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Get it together, would you!

I am not sure of the exact point in life where I developed the "bent" to be a little bit too much of a perfectionist, but the desire to always succeed, always get it done, always have myself together, etc., just about drove me nuts!  Not to mention the other people in my life!  The perfectionist takes life way too seriously!  I have a message of hope for those of us who suffer way too much from "having it all together".  The focus on always having it together leaves very little room for the spontaneity God needs for us to have in service to him.

Going through the motions doesn't please you, a flawless performance is nothing to you. I learned God-worship when my pride was shattered. Heart-shattered lives ready for love don't for a moment escape God's notice.  (Psalm 51:16-17 The Message)

David said it well - going through the motions doesn't please God, nor does having our act all together!  Both are extremes, aren't they?  One is the extreme of just being in the game, but not really having any "skin" in the game.  The other is one of having to be the one in "control" of the game!  Neither one is impressive in God's book.  

Perfectionists have a difficult time with their own performance - not allowing God to really be the "evaluator" of it.  Perfectionists don't like to fail and they about drive themselves crazy when they do!  In avoiding failure, they often don't take risks outside of their "comfort zone".  I want to let you in on a little secret - I have probably learned the most valuable lessons in my failures!  Without the failures, I'd never have grown in the areas where I have.  It was these failures which challenged me beyond my capacity - actually expanding my spiritual growth.  The willingness to step out of my "comfort zone" was the first step to overcoming my "need" to be "perfect" in all I did.

Perfectionists also drive others nuts - because their demands extend beyond themselves.  By our "drive" to be perfect, we often expect others to rise to the same level.  When they don't, we get really wigged out.  We either experience the extremes of disappointment at their "performance", or we try to intervene to "help" the other "get it right"!  Sound familiar to any of my fellow perfectionists?  Whenever we step in, taking over control again, we are either "enabling" the other to perform poorly, or we are keeping them from ever developing the "skills" they need.  Either way, we are simply maintaining control and the other is pushed away in the process.

The hardest lesson for the perfectionist is found in the passage above.  David sums it up very well - we learn the most when our pride is shattered.  Perfectionists have a hard shell - difficult to penetrate.  Sometimes, it takes a little work for God to bring us to the place of humble examination of our hearts.  When the moment comes...we can either embrace it, or pull away in absolute horror at the possibility of "losing control".  Pull away and we will miss out on one of the "teachable moments" God has prepared for us.  Embrace it, allowing God to penetrate the thick shell of our pride, and we will likely find a new facet to our character we had never seen.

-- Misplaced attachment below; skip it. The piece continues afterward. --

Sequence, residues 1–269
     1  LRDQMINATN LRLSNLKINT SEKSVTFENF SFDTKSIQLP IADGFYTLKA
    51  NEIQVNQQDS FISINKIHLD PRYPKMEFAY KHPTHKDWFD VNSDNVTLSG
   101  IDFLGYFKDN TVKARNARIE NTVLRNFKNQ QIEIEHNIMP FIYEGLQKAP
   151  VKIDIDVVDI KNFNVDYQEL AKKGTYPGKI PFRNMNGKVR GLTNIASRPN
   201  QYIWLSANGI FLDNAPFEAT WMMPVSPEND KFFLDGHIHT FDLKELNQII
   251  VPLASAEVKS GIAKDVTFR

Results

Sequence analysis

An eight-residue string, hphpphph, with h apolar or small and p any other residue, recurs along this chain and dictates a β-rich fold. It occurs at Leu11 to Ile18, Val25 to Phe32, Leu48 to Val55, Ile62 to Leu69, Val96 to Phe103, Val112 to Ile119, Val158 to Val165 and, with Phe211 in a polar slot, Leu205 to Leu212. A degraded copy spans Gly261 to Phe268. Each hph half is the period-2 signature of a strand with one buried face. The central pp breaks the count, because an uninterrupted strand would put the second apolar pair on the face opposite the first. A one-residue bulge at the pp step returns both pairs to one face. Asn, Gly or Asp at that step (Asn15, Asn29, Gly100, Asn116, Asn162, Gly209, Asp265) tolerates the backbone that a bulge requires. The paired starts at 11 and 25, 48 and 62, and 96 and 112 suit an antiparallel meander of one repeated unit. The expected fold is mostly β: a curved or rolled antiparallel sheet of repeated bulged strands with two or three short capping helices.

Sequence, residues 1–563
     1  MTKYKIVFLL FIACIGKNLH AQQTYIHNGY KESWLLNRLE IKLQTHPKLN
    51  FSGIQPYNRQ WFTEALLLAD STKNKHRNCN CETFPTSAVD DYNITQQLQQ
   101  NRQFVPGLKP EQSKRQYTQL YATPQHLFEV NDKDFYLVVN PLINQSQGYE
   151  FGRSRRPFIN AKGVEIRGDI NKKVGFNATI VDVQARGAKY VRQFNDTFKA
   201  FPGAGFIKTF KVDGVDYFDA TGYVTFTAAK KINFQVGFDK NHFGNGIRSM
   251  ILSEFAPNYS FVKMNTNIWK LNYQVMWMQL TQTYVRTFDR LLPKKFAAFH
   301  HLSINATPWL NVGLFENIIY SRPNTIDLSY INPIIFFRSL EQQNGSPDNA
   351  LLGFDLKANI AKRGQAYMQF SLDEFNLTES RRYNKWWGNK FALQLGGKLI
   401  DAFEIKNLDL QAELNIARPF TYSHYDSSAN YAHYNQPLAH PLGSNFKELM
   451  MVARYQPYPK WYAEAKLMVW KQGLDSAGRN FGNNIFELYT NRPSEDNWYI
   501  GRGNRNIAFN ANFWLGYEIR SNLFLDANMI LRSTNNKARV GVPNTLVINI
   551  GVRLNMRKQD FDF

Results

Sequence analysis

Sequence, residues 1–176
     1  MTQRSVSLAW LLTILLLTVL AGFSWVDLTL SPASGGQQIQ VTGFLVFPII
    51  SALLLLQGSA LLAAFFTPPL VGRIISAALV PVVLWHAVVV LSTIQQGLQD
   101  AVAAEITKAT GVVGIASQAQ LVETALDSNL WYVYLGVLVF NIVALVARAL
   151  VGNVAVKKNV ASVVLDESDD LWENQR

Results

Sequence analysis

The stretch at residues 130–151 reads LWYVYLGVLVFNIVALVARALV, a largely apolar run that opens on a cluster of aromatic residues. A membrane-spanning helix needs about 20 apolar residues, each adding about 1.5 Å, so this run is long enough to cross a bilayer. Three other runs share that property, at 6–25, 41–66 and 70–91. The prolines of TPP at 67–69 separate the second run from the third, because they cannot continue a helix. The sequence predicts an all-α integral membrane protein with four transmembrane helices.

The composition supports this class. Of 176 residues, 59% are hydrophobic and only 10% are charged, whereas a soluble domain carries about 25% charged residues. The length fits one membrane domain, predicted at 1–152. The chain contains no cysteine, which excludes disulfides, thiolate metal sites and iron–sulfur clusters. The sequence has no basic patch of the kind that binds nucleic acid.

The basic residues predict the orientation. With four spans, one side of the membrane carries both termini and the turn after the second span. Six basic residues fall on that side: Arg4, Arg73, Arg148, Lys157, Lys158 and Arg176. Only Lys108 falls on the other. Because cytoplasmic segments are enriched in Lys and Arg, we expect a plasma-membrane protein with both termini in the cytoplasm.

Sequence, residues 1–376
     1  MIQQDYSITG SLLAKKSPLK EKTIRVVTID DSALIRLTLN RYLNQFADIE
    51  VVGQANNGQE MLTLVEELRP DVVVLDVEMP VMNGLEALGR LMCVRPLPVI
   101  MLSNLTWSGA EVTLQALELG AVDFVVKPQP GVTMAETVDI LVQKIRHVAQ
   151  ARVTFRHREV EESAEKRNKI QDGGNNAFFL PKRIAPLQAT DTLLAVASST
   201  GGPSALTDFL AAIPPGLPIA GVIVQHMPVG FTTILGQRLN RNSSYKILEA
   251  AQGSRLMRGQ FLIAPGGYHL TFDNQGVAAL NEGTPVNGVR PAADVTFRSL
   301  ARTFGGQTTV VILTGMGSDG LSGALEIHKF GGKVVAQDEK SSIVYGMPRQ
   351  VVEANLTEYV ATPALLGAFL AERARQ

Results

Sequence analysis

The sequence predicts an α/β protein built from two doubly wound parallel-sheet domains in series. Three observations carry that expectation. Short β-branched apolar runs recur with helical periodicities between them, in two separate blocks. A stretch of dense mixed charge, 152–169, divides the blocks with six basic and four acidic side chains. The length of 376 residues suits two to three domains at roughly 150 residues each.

Perfectionists often struggle with pride.  Here's another little insight from my own life - nothing I possess in the way of talent, knowledge, or expertise compares to the greatness of my God!  The very best day with me in control of everything is really just a joke compared to the ability of my God when I finally yield control to him.  In the "risk-taking" of trusting God with control, I might fail - you might, too.  In the "risk-taking", we do something outside of our "comfort zone".  God can do much with those who are willing to "step out" of the lines we have drawn for ourselves - lines which only serve to keep us bound up in sets of rules, demands, and unrealistic expectations.

So, I know this does not come as a "popular" lesson to the perfectionist - but it is truth. God needs to get "inside" our lines and he needs to get us "outside" of those lines.  The pride which drives us to the point of perfection is actually driving us further away from what God desires for us - freedom in Christ.  In the failure, the lessons are enormous - and they are freeing.  In the rigidness of remaining in control - these lessons are missed.  The perfectionist protects himself, but he drives others away.  God's perfection is infinitely more complete than ours could ever be - and it doesn't repel others, it draws them near.  We have much to gain in "giving up" what we so desperately hang onto.  In our "giving up", we are actually "allowing in" what we so desperately need - God's help!  Perfectionists don't like to admit they need help - but from one perfectionist to another - we definitely need help!  Just saying!


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